Our fundamental goal is to downward continue seismic data accurately and economically thru media where the velocity v(x,z) is laterally variable. A few slant stacks and the wave equation meet the economy requirement. Tieman's transformation described here should greatly reduce the numerical noise generated by insufficient data density.
Slant stacks over shot point on common geophone gathers simulate plane waves entering the earth. Because of the reciprocal principle, the same is true for common shot gathers. As we will see, practical difficulties arise with slant stacks on common shot gathers and common geophone gathers that do not arise on common midpoint gathers. Figure 1 shows the familiar definitions.
Figure 1 Lines on the left denote shot profiles (CSP). On the right lines denote common midpoint gathers (CMG).
To illustrate the distinction of the two types of gathers for the purpose of slant stacking, I prepared travel time curves for an earth model of random dipping planes. The random dip angles were taken to be uniformly distributed in the range .
Figure 2 Seismic arrival times on an earth of random dipping planes. Left is for CSP. Right is for CMG.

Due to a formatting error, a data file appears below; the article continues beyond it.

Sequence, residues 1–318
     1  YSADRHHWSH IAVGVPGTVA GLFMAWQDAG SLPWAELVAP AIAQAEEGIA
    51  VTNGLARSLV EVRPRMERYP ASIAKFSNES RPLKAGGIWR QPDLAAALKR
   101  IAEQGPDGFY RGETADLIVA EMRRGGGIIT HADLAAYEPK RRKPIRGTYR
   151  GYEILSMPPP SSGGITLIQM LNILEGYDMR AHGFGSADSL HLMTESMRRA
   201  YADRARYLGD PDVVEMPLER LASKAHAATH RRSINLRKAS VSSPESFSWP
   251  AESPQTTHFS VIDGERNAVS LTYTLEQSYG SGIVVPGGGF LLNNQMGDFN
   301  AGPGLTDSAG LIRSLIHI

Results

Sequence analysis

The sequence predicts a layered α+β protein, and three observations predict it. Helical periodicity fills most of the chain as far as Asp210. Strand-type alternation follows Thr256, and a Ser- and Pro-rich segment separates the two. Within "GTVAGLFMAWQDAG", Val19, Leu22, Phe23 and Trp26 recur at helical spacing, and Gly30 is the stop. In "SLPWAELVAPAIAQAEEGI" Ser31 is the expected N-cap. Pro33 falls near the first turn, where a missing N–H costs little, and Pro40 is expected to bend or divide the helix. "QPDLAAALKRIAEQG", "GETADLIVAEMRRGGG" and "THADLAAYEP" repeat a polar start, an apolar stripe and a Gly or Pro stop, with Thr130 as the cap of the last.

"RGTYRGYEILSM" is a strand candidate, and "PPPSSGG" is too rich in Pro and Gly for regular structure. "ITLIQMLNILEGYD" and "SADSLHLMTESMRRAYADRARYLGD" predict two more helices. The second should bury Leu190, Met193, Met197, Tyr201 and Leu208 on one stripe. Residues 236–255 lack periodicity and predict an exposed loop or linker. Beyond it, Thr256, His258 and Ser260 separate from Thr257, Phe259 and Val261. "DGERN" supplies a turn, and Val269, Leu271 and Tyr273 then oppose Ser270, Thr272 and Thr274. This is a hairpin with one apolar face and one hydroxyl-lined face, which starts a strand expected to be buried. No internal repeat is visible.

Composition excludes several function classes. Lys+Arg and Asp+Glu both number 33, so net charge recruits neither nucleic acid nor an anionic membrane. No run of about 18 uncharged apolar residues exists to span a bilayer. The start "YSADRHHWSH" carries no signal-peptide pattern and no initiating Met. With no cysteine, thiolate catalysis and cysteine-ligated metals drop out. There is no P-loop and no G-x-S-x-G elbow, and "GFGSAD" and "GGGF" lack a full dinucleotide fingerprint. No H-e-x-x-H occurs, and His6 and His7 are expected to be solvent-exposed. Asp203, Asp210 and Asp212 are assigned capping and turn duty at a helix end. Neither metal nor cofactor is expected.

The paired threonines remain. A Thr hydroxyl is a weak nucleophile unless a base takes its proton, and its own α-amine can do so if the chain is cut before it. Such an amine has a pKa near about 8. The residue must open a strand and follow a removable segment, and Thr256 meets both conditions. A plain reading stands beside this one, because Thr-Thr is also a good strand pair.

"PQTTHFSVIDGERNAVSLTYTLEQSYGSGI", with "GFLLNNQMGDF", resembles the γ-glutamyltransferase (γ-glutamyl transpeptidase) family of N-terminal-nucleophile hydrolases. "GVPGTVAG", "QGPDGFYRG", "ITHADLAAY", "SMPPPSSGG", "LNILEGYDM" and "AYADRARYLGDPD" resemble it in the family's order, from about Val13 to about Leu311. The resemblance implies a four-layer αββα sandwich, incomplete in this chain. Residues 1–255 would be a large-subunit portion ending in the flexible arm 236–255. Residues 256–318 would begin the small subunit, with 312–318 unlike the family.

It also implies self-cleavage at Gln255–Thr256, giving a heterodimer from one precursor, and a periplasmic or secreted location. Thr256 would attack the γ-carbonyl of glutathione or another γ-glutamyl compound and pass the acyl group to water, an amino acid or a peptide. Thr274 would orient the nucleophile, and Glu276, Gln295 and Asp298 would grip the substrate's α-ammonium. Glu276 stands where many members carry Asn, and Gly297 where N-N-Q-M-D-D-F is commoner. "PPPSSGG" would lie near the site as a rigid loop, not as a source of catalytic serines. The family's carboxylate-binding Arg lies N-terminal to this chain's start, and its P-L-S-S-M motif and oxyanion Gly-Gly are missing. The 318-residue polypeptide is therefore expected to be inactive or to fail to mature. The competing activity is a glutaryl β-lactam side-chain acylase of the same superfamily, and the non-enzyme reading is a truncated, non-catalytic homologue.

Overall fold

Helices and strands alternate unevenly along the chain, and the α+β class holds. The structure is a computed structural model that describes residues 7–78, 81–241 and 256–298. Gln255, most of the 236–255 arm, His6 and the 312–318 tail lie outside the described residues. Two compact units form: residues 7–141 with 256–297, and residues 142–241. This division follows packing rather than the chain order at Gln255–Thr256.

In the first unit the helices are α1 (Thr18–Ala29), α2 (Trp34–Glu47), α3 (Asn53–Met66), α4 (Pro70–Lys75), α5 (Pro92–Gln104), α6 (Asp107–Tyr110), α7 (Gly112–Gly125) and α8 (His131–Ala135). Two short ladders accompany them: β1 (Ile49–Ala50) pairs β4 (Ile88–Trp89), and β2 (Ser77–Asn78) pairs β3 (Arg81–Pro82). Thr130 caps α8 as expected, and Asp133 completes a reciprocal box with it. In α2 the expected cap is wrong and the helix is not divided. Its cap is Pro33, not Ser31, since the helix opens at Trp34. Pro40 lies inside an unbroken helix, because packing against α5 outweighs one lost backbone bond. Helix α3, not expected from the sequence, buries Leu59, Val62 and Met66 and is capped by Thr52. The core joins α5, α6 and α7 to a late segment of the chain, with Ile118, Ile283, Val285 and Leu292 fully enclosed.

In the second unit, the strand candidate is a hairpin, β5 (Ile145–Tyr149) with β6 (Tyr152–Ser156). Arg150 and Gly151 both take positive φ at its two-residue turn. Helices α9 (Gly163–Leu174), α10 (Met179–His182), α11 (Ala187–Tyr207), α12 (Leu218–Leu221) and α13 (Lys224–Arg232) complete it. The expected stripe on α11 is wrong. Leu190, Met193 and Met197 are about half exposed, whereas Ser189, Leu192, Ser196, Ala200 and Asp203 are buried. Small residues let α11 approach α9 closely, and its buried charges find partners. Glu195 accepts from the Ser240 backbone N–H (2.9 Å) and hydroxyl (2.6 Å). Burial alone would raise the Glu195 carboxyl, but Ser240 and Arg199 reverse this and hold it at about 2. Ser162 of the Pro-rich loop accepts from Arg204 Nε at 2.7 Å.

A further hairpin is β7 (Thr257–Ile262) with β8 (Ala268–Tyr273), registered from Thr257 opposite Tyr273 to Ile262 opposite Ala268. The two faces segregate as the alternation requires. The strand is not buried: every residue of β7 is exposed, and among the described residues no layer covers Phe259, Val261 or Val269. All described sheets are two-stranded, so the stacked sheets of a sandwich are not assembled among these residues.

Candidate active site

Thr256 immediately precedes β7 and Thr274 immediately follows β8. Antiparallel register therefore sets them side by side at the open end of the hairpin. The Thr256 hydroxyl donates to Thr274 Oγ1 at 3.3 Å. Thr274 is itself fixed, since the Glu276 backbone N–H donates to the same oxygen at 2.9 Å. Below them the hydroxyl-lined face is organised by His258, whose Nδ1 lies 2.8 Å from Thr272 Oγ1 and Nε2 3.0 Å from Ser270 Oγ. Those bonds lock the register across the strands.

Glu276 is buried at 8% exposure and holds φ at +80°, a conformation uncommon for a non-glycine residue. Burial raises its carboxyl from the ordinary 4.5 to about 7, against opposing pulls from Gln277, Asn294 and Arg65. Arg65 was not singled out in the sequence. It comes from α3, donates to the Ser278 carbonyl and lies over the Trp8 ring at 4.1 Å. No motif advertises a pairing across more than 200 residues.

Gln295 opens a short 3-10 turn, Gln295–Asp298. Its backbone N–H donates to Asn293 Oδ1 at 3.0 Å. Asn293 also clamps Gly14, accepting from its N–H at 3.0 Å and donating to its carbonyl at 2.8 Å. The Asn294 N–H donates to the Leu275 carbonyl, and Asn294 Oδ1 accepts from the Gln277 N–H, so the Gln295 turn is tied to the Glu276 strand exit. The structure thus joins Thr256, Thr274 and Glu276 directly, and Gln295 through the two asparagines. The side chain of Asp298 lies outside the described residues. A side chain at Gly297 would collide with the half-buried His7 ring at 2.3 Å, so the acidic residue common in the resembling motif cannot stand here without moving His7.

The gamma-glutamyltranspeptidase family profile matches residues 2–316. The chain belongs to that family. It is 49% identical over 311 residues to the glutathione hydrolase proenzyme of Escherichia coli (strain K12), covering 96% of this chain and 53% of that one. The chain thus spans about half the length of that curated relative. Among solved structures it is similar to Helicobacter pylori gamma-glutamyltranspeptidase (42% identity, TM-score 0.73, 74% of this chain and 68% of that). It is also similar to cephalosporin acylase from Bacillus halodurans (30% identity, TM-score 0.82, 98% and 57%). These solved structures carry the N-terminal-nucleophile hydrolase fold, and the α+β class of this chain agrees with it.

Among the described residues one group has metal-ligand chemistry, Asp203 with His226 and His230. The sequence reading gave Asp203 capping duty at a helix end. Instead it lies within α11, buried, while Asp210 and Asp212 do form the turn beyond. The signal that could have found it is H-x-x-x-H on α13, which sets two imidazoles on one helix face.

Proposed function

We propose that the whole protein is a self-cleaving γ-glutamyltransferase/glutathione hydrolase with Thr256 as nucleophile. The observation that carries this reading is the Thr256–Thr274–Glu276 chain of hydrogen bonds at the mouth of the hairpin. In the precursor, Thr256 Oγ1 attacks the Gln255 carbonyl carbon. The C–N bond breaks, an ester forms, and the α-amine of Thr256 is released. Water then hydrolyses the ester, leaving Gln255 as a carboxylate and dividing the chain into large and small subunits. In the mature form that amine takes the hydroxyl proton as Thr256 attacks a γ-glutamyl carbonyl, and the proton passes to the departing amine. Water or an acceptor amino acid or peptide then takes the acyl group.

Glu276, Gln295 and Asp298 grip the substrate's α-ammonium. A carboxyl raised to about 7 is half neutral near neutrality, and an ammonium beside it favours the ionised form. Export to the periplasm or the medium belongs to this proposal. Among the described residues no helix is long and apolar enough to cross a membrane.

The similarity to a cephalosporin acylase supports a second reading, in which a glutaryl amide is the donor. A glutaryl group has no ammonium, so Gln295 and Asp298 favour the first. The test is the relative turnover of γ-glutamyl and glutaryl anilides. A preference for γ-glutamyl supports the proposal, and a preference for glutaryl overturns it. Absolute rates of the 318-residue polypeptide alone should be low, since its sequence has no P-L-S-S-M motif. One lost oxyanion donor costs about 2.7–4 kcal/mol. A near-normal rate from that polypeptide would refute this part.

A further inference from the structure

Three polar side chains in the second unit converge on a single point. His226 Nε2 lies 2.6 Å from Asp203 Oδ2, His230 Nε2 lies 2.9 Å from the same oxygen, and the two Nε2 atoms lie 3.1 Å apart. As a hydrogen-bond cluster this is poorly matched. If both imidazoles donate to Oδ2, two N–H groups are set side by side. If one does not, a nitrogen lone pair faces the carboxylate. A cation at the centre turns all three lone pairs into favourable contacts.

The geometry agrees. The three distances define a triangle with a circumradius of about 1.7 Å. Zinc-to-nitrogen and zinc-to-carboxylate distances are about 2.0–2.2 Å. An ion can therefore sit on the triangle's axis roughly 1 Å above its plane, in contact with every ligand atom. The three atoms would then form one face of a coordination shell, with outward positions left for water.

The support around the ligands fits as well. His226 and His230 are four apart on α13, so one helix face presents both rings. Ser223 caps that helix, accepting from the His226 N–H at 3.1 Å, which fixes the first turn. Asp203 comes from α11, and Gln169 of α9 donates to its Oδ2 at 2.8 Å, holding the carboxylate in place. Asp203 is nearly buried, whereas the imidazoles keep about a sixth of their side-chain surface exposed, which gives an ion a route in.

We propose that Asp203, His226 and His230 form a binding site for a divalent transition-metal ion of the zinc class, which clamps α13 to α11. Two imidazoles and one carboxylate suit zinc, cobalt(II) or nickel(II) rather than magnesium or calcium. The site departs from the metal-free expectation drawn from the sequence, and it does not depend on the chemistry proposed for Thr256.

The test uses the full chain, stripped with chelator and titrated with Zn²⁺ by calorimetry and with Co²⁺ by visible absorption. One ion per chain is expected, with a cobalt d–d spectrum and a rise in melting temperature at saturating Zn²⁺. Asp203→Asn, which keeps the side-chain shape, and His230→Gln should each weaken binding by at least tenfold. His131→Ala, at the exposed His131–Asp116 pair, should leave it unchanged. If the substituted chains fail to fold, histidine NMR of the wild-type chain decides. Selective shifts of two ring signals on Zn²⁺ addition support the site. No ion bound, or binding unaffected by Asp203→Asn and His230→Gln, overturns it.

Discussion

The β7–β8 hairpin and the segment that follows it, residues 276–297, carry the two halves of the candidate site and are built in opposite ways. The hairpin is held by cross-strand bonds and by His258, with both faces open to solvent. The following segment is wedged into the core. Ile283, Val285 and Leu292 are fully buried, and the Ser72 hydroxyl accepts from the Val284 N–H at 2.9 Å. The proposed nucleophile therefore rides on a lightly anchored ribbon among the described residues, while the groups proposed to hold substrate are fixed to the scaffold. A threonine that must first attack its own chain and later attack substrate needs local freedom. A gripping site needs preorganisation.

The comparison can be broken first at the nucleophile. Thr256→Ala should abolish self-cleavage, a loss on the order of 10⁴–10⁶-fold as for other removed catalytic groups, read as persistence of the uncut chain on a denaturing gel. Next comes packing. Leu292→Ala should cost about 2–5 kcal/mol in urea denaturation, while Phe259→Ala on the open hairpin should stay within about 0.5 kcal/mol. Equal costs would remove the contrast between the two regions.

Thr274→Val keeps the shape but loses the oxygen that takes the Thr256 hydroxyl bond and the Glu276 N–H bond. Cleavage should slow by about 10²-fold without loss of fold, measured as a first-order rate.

The important thing to notice in Figure 2 is that on the common midpoint gather the data slopes are highly predictable, all lying within a small range, whereas the slopes on the common shot or common geophone gather cover a wide range. The unpredictable slopes create a problem for slant stacking because they demand a much greater spatial density of data to avoid spatial aliasing.
Tieman's contribution is to provide us with a transformation from a slant stack at a single constant stepout p at common midpoint, performed at all midpoints, to a slant stack at a constant stepout p (different p ?) for each of all the shot points (or geophone points).